BANGKOK — Banyen Ruangsantheia said she hadn’t even heard of the Michelin Guide and its treasured constellation of stars until someone called recently to say she might be getting one.
Of the 11 new recipients in Thailand awarded Michelin stars, Banyen was the least-restrained in down-to-earth, gee-whiz happiness at the award for the Thai fare she takes great pride in making by the river in northwest metro Bangkok.
“I was so shocked when they called me. I thought they were kidding; I couldn’t believe it was true. They said I had to be free on the 14th. ‘For what?’ I asked. They said it was an award,” Banyen said after being awarded her Michelin star. “I didn’t even know what it was, much less that I would get one!”
Banyen, 62, took the stage Wednesday at the Park Hyatt Bangkok alongside the likes of Gaggan Anand and the Suhring Bros. to pick up what in the restaurant world is akin to winning an Oscar.
The Korat native came to the capital at 18 to work at Suan Thip, which serves traditional fare in Nonthaburi province.
“At that time, my salary was 1,300 per month. I loved to taste food. So I taste the food they made and then I thought, nope, I have to fix it,” Banyen said, who refers to herself as paa, or aunty. “I like Thai food and Thainess. So I’ve never thought of leaving to work elsewhere.”
Indeed, even at the awards event, all Banyen could talk about was her food: How mackerel has to be brined with bergamot and grilled instead of just fried; and how proud she is of her kaeng kee lek, or Siamese cassia curry.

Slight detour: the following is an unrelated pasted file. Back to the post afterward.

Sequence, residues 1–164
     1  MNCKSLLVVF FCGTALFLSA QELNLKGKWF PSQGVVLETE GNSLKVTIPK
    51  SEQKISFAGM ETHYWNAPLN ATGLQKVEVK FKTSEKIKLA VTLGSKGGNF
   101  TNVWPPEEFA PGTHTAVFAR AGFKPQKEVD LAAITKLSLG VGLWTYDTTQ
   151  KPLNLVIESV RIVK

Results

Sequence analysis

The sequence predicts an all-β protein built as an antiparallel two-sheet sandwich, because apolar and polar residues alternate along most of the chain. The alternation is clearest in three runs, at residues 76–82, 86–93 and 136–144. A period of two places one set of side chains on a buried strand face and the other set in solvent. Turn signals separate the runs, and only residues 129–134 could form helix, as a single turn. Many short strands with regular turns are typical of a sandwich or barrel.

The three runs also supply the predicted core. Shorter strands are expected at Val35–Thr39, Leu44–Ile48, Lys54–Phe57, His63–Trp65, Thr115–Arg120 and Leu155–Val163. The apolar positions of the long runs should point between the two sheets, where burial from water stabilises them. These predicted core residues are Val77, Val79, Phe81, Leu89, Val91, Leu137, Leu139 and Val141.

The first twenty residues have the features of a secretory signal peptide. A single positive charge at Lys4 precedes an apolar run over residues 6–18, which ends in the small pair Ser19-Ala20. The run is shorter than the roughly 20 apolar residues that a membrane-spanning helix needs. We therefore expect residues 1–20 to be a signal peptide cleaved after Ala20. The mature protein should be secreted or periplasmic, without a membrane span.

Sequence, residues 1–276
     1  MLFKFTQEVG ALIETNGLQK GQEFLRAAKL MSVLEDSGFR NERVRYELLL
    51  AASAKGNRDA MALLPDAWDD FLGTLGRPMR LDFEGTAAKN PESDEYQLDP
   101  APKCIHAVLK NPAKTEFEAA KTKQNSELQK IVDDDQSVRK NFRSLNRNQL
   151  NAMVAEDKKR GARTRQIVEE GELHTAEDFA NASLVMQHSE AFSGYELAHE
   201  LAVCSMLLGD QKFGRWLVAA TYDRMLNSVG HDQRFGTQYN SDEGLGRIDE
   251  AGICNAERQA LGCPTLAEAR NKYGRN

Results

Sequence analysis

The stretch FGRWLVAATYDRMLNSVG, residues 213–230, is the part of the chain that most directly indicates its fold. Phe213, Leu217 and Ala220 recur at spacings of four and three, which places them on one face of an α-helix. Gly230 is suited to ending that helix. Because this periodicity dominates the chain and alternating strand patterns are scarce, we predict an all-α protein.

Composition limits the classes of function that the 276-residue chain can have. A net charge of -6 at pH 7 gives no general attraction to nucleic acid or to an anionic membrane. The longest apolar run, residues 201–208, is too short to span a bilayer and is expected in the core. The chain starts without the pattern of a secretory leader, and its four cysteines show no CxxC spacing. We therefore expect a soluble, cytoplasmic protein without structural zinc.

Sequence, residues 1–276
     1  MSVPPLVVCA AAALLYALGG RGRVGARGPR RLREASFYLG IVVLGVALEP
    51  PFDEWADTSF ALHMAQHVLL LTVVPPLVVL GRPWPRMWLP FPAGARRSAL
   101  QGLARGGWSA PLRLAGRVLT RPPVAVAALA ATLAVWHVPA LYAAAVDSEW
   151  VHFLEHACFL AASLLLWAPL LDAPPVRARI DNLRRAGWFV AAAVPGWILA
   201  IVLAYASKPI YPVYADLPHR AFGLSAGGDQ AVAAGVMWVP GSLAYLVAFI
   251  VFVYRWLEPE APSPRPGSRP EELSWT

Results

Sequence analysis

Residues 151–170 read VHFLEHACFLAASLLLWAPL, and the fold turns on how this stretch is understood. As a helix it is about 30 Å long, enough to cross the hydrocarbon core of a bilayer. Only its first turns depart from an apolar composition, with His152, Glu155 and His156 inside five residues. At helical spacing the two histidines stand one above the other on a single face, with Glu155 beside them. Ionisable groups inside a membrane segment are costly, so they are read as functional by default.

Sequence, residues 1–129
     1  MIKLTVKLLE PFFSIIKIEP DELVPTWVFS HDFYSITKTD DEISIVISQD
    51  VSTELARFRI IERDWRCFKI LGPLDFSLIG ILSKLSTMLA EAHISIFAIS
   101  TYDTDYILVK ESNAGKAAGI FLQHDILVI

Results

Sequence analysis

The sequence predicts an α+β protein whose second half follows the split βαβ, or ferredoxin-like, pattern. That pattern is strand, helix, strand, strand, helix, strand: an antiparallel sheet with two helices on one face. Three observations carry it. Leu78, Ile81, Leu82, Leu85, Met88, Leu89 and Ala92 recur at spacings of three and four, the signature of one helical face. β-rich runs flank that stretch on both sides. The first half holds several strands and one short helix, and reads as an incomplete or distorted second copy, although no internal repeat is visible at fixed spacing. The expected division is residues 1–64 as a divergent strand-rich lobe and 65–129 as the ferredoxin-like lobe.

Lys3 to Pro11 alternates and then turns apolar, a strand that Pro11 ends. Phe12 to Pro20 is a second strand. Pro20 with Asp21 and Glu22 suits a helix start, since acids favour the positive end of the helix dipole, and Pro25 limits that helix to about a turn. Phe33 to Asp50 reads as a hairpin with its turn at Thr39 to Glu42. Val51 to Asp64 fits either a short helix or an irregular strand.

“I cook with my heart,” Banyen said. “I tell customers there’s kaeng kee lek for them. I prepare it by boiling the vegetable first though, or else it will be bitter.”
Gwendal Poullennec, international director of the Michelin Guide, said that Suan Thip made “royal recipes” with “attention to detail and authentic Thai flavors.”
Indeed, 50 percent of the starred restaurants serve Thai fare.
Ruean Panya’s Suthep Ganisthanaka, 67, seemed unsurprised to nab a star. His Thai seafood restaurant in the southwestern metro province of Samut Sakhon serves his family’s recipes. Their proudest is lhon puu, or crab coconut dip.
I finish cooking, shower and then go to sleep around 1 to 2am every day. I don’t try to think too much. I’ve got no diseases, and I know my limits.
“It’s different from any other lhon,” Suthep said. “Actually I feel normal about about getting this star. We just got the Thai Select award, too. My life will continue to go on normally.”
Crab omelette superstar Jay Fai, is still the only street food to have a star, which she retains for another year now.
Supinya “Jay Fai” Junsuta said that although she was swamped with queues of neverending customers, daily — “I don’t know how they can wait in line for six, seven hours” — said that she was “relieved and sabai jai that they still put trust in me” by the decision.
The 75-year-old woman said that her health is still good and allows her to don her protective goggles to fry up fiery omelettes. “I finish cooking, shower and then go to sleep around 1 to 2am every day. I don’t try to think too much. I’ve got no diseases, and I know my limits.”